Grindr Demon: Texas man gets 23 years for using gay app to 'lure' men and assault them
Daniel Jenkins used fake Grindr profiles to 'invite' gay men over and proceeded to rob, beat or sexually assault them at gunpoint with his friends
DALLAS, TEXAS: A Texas man got 23 years in federal prison after using queer dating app Grindr in order to "lure" homosexual men to his apartment where he and three of his friends assaulted and robbed them at gunpoint.
Daniel Jenkins, 22, was sentenced on Wednesday, October 13, after he admitted to using the popular LGBTQ app to victimize the nine men, ranging from ages 19 to 57 years old, in the Dallas area. The Department of Justice said in a statement that Jenkins — the last of four men to be sentenced in connection to the case — pleaded guilty in June to one count of conspiracy to commit hate crimes, kidnapping, carjacking, one hate crime count, and one count of using a firearm during and in relation to a crime of violence, the Dallas Morning News reported.
Jenkins and his pals Michael Atkinson, Pablo Ceniceros-Deleon, and Daryl Henry started creating fake profiles on Grindr in December 2017, inviting gay men to an apartment complex in Dallas. After their arrival, Jenkins and his friends held them at gunpoint and forced them to withdraw cash from local ATM machines. The suspects also had them relinquish their possessions, including their wallets, money, car keys, cars, drivers’ licenses, and identification cards, credit and debit cards, and cellphones, the Daily Mail reported.
Jenkins admitted to holding five victims at gunpoint on December 11, 2017, before the group robbed, beat, and sexually assaulted them while taunting them with homophobic slurs. At least three of the victims were sexually assaulted, according to the DoJ, while one of the suspects is accused of urinating and wiping human feces on at least one victim.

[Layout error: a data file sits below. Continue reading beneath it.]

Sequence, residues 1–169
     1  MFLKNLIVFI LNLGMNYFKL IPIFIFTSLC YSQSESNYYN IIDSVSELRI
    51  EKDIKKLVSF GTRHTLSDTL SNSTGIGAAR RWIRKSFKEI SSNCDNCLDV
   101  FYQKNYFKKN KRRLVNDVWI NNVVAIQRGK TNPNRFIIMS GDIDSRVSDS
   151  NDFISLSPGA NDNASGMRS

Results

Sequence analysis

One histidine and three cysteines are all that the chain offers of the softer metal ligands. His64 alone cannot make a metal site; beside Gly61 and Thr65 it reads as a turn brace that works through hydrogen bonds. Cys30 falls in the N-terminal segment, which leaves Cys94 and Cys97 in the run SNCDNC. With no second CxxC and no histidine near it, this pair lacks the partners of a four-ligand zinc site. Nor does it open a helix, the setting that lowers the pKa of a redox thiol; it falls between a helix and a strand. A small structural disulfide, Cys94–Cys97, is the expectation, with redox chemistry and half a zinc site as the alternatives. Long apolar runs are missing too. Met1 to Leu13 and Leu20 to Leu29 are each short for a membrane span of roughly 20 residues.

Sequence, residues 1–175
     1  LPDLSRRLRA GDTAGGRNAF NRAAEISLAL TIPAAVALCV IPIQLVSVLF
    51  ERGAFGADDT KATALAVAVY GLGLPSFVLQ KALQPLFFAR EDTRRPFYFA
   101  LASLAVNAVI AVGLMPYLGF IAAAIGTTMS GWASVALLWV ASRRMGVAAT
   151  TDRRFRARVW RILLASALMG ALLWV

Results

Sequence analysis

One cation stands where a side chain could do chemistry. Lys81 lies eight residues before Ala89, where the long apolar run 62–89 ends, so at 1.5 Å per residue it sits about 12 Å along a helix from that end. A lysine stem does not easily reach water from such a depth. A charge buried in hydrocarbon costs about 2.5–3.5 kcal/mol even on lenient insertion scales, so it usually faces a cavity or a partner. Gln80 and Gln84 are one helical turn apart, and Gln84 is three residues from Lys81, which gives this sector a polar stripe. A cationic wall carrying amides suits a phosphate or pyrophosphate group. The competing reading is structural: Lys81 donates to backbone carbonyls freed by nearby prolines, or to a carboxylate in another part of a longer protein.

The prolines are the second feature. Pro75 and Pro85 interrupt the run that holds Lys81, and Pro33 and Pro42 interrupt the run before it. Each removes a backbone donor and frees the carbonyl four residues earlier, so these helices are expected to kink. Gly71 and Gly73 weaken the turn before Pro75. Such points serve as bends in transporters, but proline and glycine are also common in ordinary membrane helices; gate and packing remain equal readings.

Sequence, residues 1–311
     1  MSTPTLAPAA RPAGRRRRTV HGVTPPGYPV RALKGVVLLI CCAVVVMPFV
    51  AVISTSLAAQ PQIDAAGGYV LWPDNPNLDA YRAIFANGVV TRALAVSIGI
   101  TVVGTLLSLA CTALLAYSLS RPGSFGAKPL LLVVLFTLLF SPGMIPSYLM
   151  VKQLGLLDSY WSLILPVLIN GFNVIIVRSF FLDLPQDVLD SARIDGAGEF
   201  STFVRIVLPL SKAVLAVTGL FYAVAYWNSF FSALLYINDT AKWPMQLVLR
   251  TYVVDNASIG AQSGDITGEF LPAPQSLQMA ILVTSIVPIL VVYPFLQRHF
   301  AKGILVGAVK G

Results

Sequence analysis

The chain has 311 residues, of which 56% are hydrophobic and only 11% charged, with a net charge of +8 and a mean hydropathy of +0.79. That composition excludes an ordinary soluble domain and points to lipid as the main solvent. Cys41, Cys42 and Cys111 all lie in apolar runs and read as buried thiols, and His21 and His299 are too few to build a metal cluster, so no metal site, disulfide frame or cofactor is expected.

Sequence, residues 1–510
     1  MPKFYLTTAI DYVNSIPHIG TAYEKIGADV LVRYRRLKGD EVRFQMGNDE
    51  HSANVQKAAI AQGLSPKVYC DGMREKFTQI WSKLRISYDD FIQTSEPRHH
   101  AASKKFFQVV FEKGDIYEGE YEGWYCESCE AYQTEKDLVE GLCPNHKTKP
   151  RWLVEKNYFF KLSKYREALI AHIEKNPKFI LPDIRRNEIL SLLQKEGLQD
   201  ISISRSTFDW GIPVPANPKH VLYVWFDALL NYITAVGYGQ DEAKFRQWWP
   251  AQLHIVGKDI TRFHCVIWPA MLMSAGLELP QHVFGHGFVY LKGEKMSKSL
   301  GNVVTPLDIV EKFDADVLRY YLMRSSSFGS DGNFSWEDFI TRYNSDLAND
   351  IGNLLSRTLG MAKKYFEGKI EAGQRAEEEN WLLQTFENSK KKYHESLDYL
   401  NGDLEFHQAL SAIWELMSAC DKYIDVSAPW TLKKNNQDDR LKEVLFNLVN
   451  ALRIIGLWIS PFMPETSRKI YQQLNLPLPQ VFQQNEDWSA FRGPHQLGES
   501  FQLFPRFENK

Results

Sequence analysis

In a press release announcing Jenkins' sentencing, Assistant Attorney General Kristen Clarke, of the Justice Department’s Civil Rights Division noted how the defendant "targeted innocent victims for violent crimes simply because he believed they were gay." She added, "This sentence affirms that bias-motivated crimes run contrary to our national values and underscores the Justice Department’s commitment to aggressively prosecuting bias-motivated crimes, including crimes against the LGBTQI community. We will continue to pursue justice for victims of bias-motivated crimes, wherever they occur."
In June, Jenkins' partners in crime Atkinson, Ceniceros-Deleon, and Henry also pleaded guilty and were since sentenced. While Atkinson will serve just over 11 years in prison, Ceniceros-Deleon will serve a 22-year sentence and Henry a 20-year term. A federal investigation into the case was undertaken by the FBI's Dallas Field Office. Meanwhile, a separate criminal probe by the Dallas Police Department is still underway. "The Department of Justice will not tolerate these sorts of heinous, hate-based attacks," Acting U.S. Attorney Chad Meacham for the Northern District of Texas said in a press release. "Unfortunately, despite our best efforts, bigots often lurk online. We urge users of dating apps like Grindr to remain vigilant," he added.
Since its release in 2009, Grindr has become one of the most popular dating apps in the LGBTQ community. The app's safety guidelines urge users to be cautious before meeting up with strangers on the app, suggesting they "do so in public first, at a safe space like an LGBTQ-friendly café." The guidelines also urge users to "be careful about what possessions you take with you."